Can Government Revoke Your Right to Run an Existing Business?

What would you say if your city told you that it was revoking your right to continue a long-standing business on your own property? That is exactly what happened to the White family. They had run a commercial campground on their land in Elk River since the 1970s. But the City tried taking away their right to continue that business.

The White family had to fight all the way to the Minnesota Supreme Court to secure their right to continue campground operations. On December 4, 2013, the Supreme Court handed the family a victory—holding that the City of Elk River lacked the power to “revoke” their property rights. The Court rebuffed Elk River’s attempt to unilaterally eliminate the White family’s business.

The case raised a question of fundamental importance in Minnesota—one that might impact any business or property owner in the state. At issue was the very right to continue operating an existing business without the threat of a zoning board imposing new and draconian permitting requirements. As such, the National Federation of Independent Business (NFIB), which represents small business interests across the country, and the Minnesota Vacation Rental Association (MVRA) joined in filing an amicus brief in the case, arguing that local zoning boards should not be able to eliminate private property rights.

So why did Elk River want to revoke the family’s right to run this business anyway? Well, the City claimed that some folks were living in the campground year-round. But even if that somehow constitutes a nuisance to the community, or if it were in violation of some regulation, the proper course would have been for the City to simply address the problem—not to take away the White family’s right to make an honest living.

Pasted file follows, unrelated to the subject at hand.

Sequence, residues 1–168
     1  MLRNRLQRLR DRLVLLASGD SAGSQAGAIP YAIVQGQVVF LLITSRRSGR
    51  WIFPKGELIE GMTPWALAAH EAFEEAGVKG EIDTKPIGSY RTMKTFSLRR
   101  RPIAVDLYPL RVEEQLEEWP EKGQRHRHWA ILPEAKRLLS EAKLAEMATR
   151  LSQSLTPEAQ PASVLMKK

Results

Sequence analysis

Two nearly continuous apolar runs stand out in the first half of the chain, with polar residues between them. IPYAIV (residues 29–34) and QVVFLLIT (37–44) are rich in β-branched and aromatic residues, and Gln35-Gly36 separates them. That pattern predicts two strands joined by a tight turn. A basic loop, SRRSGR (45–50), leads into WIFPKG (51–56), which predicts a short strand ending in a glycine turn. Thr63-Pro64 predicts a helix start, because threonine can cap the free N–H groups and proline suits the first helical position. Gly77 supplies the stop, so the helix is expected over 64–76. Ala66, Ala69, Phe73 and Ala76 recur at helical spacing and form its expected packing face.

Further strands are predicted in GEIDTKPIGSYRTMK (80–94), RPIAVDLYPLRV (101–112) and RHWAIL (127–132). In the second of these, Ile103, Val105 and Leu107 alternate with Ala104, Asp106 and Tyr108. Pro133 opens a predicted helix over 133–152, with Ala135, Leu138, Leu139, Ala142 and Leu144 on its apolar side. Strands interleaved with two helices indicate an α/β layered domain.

Municipalities commonly issue citations and fines when a landowner violates established law. That is usually sufficient to resolve the situation. But that is not what Elk River did. Instead, the City decided to “revoke” a permit that it had issued to the White family years ago—way back in 1984.

To put this in context, the City adopted its first zoning code in 1980. At the time, the family was already running its campground on the land and they continued operations just the same after the code came into effect. Then—in 1983—the City decided to amend the zoning code to require a special permit to continue lawful business operations on the family’s property. Accordingly, the City then required the White family to apply for a permit to continue business operations.

Now, of course, government can impose many legitimate conditions on the issuance of a new building permit. Likewise a municipality could legitimately impose conditions on a license for a new business enterprise. But why should a long-standing business, which has been operating in compliance with preexisting zoning restrictions, have to obtain a special permit to continue lawfully operating?

As NFIB and MVRA argued to the Supreme Court, the Constitution protects a business owners’ right to continue lawfully established operations without need of new permits. The only time the government may legitimately require an existing business to seek a permit would be if the business seeks to build something new, or to use the property in a more intensive manner. But if a business simply wants to enjoy the right to continue with business as usual, there is no legitimate reason to require them to continually ask the government for permission

Had the Minnesota Supreme Court allowed Elk River to revoke the White family’s right to continue operating their campground, it would have opened the door for municipalities throughout the state to force long-standing businesses to apply for new permits. This would be highly problematic for the small business community, and other property owners, because these permits would likely impose new—and potentially costly—regulatory burdens. It would have allowed the government to hold a threat over the head of every business and property owner—a threat that, on a whim, it could require a new permit with more stringent conditions. And of course, there would always be the threat that government might simply revoke your right to run your business altogether.